This toolkit is not a ready-made recipe to integrate gender into your value chain development project. Rather, it offers a range of tools that could be used at every stage of your intervention. It is up to the practitioner to decide which combination of tools to use.


  • All tools fit in a process involving different people at different steps.

Most tools describe one step in a process (e.g. the data collection, or the participatory analysis). The design of the other steps in the process and the involvement of the right mix of people in the different steps is the task of the practitioner.


  • All tools will have to be contextualized and fit in this process.

It is the responsibility of the practitioner to adjust the tools to his or her specific situation.

  • Open knowledge - Sharing

The toolkit strives to be a low-threshold portal for the value chain practitioner. We believe in the concept of ‘open knowledge’. We want to make tools not only ‘available’ and ‘accessible’ but also ‘adjustable’. Therefore, we encourage you to use and adjust the tools and to share your experiences and adjustments with us. We are also interested in other tools you may consider useful. Experiences can be shared via the online platform of the Agri-ProFocus Learning network on Gender in Value Chains.


  • Acknowledge Agri-ProFocus

In return, Agri-ProFocus would like to be mentioned as source for the material, so that others can also join our growing network.



The content of this Toolkit has been developed by Angelica Senders of Fair & Sustainable Advisory Services, Anna Lentink of Triodos Facet, Mieke Vanderschaeghe, independent consultant, and Jacqueline Terrillon, coach of the gender in value chains coaching track of Agri-ProFocus in Uganda with support of Roel Snelder of Agri-ProFocus Netherlands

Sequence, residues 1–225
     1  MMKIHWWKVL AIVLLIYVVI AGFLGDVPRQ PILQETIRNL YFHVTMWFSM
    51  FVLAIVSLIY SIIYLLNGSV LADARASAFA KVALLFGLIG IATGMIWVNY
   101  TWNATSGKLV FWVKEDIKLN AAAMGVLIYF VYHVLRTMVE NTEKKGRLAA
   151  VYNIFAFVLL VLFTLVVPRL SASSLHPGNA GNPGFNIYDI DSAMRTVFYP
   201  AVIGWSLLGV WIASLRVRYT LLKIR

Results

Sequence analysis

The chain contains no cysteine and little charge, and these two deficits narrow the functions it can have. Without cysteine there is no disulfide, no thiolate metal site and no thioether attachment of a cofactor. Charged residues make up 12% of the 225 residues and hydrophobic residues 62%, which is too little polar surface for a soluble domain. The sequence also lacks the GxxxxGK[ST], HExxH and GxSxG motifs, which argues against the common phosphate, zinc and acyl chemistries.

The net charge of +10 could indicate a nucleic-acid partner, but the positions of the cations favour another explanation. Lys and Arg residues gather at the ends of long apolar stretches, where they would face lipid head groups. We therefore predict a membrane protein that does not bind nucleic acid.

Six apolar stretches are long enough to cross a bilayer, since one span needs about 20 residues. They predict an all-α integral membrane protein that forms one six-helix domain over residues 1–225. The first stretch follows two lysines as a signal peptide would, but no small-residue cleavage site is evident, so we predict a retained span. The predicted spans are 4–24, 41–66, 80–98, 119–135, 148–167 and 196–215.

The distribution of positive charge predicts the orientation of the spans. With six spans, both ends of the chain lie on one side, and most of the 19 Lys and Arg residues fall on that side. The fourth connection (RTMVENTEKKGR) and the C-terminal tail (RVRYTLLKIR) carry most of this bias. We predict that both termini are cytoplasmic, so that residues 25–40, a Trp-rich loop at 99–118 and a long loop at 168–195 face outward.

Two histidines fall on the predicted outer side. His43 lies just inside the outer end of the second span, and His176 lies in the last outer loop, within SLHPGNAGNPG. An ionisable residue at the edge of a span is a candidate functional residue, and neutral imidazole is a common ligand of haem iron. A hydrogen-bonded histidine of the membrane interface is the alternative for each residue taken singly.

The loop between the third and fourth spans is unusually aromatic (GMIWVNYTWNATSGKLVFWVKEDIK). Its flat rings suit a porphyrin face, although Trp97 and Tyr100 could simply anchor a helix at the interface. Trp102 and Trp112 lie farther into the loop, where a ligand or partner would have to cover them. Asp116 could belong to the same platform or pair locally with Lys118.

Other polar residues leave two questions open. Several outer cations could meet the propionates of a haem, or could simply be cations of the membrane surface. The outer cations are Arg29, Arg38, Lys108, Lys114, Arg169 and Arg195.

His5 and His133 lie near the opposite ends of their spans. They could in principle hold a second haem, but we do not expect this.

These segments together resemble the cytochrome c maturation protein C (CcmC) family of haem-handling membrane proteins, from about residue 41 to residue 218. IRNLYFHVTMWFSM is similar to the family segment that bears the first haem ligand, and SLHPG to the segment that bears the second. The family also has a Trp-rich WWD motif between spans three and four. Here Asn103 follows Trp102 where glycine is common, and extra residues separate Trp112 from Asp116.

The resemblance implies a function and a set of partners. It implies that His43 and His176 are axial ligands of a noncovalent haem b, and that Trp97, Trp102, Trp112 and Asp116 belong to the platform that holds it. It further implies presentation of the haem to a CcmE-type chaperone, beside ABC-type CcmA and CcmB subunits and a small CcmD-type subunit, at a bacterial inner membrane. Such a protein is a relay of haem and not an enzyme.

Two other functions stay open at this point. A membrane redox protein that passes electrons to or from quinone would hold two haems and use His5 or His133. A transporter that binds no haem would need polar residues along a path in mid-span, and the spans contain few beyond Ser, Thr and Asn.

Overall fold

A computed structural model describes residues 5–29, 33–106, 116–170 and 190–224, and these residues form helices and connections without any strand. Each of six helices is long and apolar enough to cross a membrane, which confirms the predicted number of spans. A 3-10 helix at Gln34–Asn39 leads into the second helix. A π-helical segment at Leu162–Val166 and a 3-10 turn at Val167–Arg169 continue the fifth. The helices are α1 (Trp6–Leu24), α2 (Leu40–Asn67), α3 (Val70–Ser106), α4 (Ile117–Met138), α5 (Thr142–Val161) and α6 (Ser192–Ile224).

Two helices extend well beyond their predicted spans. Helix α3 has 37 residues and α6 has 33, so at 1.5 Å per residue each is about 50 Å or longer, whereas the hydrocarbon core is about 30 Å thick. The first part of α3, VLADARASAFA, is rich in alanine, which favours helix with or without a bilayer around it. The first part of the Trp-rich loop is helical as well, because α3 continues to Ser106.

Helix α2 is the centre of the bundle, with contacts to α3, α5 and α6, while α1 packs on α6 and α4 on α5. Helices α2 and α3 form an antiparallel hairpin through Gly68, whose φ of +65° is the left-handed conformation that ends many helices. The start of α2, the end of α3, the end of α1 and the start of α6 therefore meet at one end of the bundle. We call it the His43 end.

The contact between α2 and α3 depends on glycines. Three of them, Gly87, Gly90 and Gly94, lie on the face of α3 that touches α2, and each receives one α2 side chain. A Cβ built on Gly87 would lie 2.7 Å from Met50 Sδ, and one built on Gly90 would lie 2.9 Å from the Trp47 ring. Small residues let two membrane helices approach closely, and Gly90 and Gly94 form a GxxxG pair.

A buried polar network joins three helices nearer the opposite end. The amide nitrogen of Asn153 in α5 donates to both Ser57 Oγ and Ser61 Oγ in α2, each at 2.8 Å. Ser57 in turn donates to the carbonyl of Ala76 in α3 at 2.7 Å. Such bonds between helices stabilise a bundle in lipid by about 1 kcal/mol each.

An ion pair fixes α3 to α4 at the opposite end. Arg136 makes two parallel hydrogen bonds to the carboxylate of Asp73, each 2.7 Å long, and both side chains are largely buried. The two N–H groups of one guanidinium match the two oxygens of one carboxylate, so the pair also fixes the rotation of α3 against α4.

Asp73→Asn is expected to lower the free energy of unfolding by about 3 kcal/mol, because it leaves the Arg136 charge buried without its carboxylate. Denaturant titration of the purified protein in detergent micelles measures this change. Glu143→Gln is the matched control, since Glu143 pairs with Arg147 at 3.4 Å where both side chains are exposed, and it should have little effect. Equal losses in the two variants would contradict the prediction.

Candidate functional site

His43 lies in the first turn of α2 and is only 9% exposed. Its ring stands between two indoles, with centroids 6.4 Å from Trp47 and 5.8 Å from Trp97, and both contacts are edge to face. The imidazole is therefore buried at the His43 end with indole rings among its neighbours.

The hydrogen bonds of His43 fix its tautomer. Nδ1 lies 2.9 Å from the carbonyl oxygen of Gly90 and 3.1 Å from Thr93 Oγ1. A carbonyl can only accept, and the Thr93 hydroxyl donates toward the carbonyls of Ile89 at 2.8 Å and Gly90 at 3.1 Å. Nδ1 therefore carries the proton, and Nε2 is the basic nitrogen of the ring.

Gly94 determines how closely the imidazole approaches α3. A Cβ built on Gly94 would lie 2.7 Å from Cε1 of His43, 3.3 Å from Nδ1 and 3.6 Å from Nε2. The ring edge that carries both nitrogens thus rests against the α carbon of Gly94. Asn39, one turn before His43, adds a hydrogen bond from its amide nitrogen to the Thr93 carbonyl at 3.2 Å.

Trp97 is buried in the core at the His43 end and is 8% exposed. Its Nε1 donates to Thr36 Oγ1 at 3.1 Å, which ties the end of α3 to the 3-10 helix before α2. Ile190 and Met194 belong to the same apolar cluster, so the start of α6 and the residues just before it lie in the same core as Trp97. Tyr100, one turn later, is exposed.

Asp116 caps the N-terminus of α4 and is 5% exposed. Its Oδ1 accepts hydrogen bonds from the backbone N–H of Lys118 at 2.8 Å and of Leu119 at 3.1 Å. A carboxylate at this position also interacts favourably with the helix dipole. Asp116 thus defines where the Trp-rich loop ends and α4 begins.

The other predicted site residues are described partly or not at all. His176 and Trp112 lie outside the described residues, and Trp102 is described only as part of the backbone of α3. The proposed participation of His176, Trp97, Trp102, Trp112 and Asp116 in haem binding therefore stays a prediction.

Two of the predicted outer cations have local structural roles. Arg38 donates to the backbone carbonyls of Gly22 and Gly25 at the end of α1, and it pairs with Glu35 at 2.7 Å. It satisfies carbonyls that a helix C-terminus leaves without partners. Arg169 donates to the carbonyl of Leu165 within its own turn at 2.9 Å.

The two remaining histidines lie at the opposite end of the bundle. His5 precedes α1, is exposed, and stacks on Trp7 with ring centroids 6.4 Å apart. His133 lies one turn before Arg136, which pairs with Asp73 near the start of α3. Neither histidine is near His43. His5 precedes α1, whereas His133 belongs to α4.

The tools are taken from manuals produced by practitioners and organizations, available in the public domain or made available to the Agri-ProFocus Gender in value chains network. The toolkit relies strongly on manuals produced by USAID, SNV, GIZ , ILO, Oxfam and CARE.

The publication ‘Challenging Chains to Change’ (Agri-ProFocus, KIT and IIRR 2012) is the result of a writeshop process that was organized within Agri-ProFocus and coordinated by Anna Laven and Rhiannon Pyburn of KIT. From all throughout the Agri-ProFocus network, 105 case briefs were collected, selected, written down and edited into a resource book for practitioners.  A PDF version of the book is freely available on (upper left-hand menu, select ‘Publications’). Please note that the download is 10MB. The book can also be ordered as paperback for €25 from

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Introduction Context Analysis Value Chain Selection Value Chain Analysis Intervention Strategies Monitoring and Evaluation Downloads